The phone market is very different. Most people want their phones to 1)Do a lot more than just be a phone and 2)Always have latest and greatest bells and whistles. Therefore, weíve all (based on simply looking at the phone market and the numbers that are available) pretty much gotten used to the idea of buying a new phone every couple of years. I think thatís changing as the latest phones are starting to reach diminishing returns on how much better the camera can be or whatever other new features can be glommed on. But so far, the market has also spoken. By and large, weíd rather get a new phone than tinker with an older phone.

To get back to tractors, Iím not insensitive to the wants of farmers who have been repairing their own stuff since the beginning of time. I can see this as a huge disruption that threatens their livelihood and can affect the entire society. But they have very narrowly crafted concerns: they have a limited time to harvest and they canít afford to wait for service. Iíd be OK with some legislation that addressed these specific concerns.


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Old 6th March 2019, 05:56 PM   #137
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The last time we got legislation that addressed the specific concerns of farmers, we ended up with Daylight Savings.
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Old 6th March 2019, 06:07 PM   #138
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Originally Posted by theprestige View Post
The last time we got legislation that addressed the specific concerns of farmers, we ended up with Daylight Savings.
I thought it was WWI. It's this ******* weekend! Man, I hate it being so early. Thanks, Obama!
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Old 6th March 2019, 07:17 PM   #139
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Originally Posted by theprestige View Post
The last time we got legislation that addressed the specific concerns of farmers, we ended up with Daylight Savings.
I'm pretty sure there's been some agriculture-related legislation since then...
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Old 6th March 2019, 07:29 PM   #140
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Originally Posted by arthwollipot View Post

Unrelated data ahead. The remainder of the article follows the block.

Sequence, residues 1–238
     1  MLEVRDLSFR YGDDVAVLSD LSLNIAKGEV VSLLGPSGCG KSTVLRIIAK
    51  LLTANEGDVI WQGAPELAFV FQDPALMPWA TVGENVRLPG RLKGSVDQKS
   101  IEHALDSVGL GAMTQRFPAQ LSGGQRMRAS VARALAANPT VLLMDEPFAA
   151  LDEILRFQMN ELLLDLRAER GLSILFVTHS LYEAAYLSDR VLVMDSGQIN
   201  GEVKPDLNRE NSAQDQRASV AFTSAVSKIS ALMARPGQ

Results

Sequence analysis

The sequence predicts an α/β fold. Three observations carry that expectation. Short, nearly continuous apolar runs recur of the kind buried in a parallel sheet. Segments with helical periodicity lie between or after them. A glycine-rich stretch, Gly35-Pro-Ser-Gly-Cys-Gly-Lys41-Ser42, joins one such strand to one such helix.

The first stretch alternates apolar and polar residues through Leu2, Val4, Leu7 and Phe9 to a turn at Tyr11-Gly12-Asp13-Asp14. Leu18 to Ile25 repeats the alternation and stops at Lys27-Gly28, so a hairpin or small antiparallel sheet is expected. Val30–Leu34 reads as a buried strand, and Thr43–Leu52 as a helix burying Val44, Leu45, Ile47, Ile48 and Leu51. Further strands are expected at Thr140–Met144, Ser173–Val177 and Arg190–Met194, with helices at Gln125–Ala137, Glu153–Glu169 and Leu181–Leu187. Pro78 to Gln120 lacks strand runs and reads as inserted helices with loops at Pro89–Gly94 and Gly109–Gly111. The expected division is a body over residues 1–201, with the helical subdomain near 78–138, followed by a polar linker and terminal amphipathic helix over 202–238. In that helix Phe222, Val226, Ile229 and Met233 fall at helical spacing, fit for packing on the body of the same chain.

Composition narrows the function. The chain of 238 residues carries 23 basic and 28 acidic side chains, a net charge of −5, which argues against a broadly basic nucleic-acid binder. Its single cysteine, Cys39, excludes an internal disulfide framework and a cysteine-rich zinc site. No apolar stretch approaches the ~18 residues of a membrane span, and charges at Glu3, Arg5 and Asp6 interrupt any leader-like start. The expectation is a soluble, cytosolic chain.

I'm pretty sure there's been some agriculture-related legislation since then...
And I'm pretty sure you're doing your level best to **** up a perfectly good joke.
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Old 6th March 2019, 07:32 PM   #141
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Originally Posted by theprestige View Post
And I'm pretty sure you're doing your level best to **** up a perfectly good joke.
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Old 6th March 2019, 07:48 PM   #142
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Originally Posted by xjx388 View Post
In the computer market, Apple is a smaller player. Windows based PCs are dominant and I think a big reason for that is that people who buy computers want to be able to tinker, upgrade and keep their investment in computers working as long as possible. IOW, the market has spoken.
It's much more that IBM's strength was eventually hijacked by MS than some massive group wanting to tinker with anything, really - particularly when laptops are a large part of the market and relatively inflexible as far as customization goes. There's definitely a market for tinkerers though, particularly among tower PCs.

Quote:
The phone market is very different. Most people want their phones to 1)Do a lot more than just be a phone and 2)Always have latest and greatest bells and whistles. Therefore, weíve all (based on simply looking at the phone market and the numbers that are available) pretty much gotten used to the idea of buying a new phone every couple of years. I think thatís changing as the latest phones are starting to reach diminishing returns on how much better the camera can be or whatever other new features can be glommed on. But so far, the market has also spoken. By and large, weíd rather get a new phone than tinker with an older phone.
At this point, I've found that few people care about customizing much more than software, at the maximum. Overall, I have no issue with amateur repairs voiding the warranty - you can't ask for your money back if you break the CPU or worse, pierce the battery - and in the latter case, you can't sue for damages, either. But outright suing people for their own repairs is absurd.